A United Nations rights commission in South Sudan says the government is harassing activists, journalists and their families, limiting their activities, and targeting their work and finances.
In a statement of “concern” issued this week, the United Nations Commission of Human Rights in South Sudan said the pattern of harassment is impeding the already slow pace of achieving peace among feuding factions and stifling public opinion crucial to achieving democracy.
South Sudan is one of the most fragile countries in the world. Corruption is widespread and is putting a strain on the government’s relations with both the population and international donors. On Transparency International’s Corruption Perceptions Index for 2019, South Sudan is ranked 179th out of 180 countries evaluated.
Only a few years after independence from Sudan, a civil war broke out. The reason behind this is the rivalry between two large and mostly ethnically-defined groups, one backing President Salva Kiir, the other supporting former Vice President Riek Machar.
In August 2015, the two sides signed a peace agreement that had been brokered by the Intergovernmental Authority on Development (IGAD). It took until May 2016 until it was implemented and a government was formed. A mere two months later, fighting erupted again.
The peace agreement was revitalised in September 2018, when Kiir and Machar again signed a treaty in Addis Ababa, Ethiopia. Among other things, it lays down the distribution of power, taking all opposition parties into account; the formation of a transitional government and Machar’s return to the post of Vice President; the restructuring of the military forces; and the definition of the boundaries between states within Sudan, which had been shifted repeatedly during the war. In February 2020, a new transitional government was formed. New elections are to be held within three years.
Yasmin Sooka, the commission chairwoman confirmed that the Civic space in South Sudan is eroding at the accelerating pace, undermining efforts to achieve a sustainable peace,”
The government slammed the statement, with a spokesman saying the commission was spreading untruths,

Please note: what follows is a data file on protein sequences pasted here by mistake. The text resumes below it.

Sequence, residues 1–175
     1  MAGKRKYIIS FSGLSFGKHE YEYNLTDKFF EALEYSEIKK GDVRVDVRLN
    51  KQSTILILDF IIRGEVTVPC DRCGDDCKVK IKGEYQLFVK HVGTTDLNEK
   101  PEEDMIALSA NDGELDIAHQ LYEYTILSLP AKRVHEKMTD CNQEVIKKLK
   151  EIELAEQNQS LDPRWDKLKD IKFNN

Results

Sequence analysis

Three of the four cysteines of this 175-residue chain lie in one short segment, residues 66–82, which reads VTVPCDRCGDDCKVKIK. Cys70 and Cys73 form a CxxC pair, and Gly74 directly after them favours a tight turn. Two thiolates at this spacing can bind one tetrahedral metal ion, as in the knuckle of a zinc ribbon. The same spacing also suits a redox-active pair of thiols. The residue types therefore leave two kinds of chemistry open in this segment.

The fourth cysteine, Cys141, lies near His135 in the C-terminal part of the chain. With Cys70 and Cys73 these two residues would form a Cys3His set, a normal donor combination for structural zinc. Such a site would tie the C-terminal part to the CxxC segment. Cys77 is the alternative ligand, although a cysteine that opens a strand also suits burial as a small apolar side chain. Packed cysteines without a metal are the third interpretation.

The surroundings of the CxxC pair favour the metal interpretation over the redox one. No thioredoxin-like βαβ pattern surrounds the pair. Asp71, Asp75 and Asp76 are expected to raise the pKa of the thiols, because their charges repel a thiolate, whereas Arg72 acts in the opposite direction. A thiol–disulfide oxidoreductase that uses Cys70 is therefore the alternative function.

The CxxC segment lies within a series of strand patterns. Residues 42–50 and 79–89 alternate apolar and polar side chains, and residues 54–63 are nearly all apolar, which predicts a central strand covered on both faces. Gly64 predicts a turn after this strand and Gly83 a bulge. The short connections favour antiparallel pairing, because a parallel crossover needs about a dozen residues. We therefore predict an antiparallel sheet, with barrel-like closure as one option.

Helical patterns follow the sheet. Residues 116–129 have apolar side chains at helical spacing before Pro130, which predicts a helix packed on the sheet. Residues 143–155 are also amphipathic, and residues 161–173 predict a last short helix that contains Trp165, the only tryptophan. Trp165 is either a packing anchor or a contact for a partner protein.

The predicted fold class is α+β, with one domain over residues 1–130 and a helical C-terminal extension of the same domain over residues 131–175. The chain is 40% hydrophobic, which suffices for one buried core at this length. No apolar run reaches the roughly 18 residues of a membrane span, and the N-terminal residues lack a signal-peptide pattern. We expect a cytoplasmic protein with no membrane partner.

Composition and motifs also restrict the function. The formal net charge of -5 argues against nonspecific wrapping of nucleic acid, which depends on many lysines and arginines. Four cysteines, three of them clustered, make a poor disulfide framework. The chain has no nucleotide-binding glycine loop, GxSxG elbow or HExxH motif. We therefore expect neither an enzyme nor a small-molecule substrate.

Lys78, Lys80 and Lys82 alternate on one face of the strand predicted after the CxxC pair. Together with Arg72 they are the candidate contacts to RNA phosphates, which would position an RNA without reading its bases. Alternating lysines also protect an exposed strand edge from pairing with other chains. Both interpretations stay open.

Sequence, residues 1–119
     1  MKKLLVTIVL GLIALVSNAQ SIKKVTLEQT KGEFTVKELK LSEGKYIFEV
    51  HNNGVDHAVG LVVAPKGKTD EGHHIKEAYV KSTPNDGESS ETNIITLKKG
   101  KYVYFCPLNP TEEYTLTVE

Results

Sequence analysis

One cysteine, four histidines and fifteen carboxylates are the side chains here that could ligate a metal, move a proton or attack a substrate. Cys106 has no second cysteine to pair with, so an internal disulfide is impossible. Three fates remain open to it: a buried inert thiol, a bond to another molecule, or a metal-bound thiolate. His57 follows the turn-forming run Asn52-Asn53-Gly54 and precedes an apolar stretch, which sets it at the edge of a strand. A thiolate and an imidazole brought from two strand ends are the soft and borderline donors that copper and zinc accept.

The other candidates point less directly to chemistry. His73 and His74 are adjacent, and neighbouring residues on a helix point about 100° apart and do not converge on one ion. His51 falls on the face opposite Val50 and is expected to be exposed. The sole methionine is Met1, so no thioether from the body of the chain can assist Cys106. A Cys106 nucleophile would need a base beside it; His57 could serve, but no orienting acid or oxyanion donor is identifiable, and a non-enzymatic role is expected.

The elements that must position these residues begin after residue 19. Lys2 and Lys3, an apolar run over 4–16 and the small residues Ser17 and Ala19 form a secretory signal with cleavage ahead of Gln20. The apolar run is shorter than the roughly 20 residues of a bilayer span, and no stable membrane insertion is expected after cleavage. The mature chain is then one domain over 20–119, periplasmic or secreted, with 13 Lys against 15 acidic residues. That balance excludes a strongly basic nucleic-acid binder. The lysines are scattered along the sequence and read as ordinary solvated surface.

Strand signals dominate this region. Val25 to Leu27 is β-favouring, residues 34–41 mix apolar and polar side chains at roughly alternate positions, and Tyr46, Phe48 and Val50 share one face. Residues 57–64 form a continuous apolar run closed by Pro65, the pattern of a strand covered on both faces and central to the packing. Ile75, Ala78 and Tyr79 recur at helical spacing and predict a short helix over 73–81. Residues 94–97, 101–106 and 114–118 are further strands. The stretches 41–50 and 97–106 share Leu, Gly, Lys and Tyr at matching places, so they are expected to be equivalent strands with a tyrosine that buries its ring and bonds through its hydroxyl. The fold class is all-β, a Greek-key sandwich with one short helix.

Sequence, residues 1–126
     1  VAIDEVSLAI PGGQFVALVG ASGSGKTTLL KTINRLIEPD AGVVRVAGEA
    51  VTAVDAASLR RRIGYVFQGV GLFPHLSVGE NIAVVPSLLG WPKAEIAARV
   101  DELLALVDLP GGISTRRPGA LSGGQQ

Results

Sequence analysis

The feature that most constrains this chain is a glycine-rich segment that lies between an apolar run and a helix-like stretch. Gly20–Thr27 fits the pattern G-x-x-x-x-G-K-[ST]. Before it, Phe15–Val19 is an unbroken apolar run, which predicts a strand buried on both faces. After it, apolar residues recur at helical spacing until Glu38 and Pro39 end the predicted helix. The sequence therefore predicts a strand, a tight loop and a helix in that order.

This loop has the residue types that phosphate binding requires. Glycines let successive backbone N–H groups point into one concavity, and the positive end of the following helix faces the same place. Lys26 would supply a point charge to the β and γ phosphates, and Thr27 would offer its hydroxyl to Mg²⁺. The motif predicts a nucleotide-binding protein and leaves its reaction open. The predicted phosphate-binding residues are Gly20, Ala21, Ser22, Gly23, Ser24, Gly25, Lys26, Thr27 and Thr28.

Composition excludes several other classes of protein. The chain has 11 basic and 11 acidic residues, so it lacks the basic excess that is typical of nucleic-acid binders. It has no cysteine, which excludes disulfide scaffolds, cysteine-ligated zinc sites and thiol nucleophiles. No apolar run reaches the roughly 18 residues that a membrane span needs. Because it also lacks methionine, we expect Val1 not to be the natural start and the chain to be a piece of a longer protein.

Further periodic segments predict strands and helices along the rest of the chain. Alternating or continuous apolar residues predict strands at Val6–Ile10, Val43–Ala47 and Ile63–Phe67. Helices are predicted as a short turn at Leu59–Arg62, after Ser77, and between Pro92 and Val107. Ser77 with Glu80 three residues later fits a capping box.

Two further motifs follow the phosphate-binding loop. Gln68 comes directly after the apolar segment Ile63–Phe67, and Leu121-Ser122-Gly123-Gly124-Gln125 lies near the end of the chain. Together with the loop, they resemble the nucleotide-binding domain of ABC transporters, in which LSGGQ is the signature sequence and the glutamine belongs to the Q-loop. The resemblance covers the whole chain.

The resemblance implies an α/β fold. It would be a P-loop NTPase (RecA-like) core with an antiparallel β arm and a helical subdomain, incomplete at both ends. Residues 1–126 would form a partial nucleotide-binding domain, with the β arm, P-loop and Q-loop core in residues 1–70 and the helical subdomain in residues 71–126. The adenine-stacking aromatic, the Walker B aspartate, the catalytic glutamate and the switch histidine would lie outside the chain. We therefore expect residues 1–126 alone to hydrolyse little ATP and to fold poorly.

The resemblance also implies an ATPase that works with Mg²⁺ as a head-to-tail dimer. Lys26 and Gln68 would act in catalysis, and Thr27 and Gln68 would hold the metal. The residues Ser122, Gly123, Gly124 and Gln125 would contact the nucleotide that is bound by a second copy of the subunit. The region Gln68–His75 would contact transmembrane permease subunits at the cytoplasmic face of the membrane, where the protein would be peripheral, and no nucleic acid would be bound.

“This U.N. Human Rights Commission, who is monitoring them?” asked Michael Makuei, South Sudan’s information minister. “Who is supervising them? They just sit in their offices here in Juba and they write because they must write something controversial to prove that they are doing their job, so that they continue in their job.”
The commission blames government security officers for a continuing crackdown that it says has forced some prominent activists to flee the country.
The commission says those include James David Kolok, a member of the technical committee to conduct a consultative process on truth, reconciliation and healing, and Wani Michael, who has acted as a youth representative on the national constitution amendment committee.
Andrew Clapham, one of the commissioners, said the government’s targeting of high-profile human rights defenders “will have a chilling effect on civil society, and will discourage public participation.”
He said government actions will undermine confidence in the work on transitional justice, framing a constitution, and setting up national elections, which Clapham said are essential to the success of the transition set out by the 2018 Revitalized Peace Agreement.
The commission says the latest restrictions and acts of harassment began after the creation of the opposition Peoples Coalition for Civil Action in July.
The security clampdown accelerated after a planned nationwide government protest in August fizzled amid what activists say was an intentional internet outage and warnings from security officials of serious consequences against organizers if the demonstration happened.
Since then, some activists say their phone service has been disrupted and bank accounts frozen and journalists say they have been increasingly harassed.
A key parliament member recently said that journalists should be restricted in covering the newly formed parliament.
Agents also detained a government broadcaster after he allegedly declined to report news about recent presidential decrees on the South Sudan Broadcasting Corporation airwaves.
In addition, three journalists recently were detained and a radio station was closed as the government clamped down on the August protests.
Government spokesman Makuei says the government could not allow the planned protests by the PCCA, which he described as enemies.
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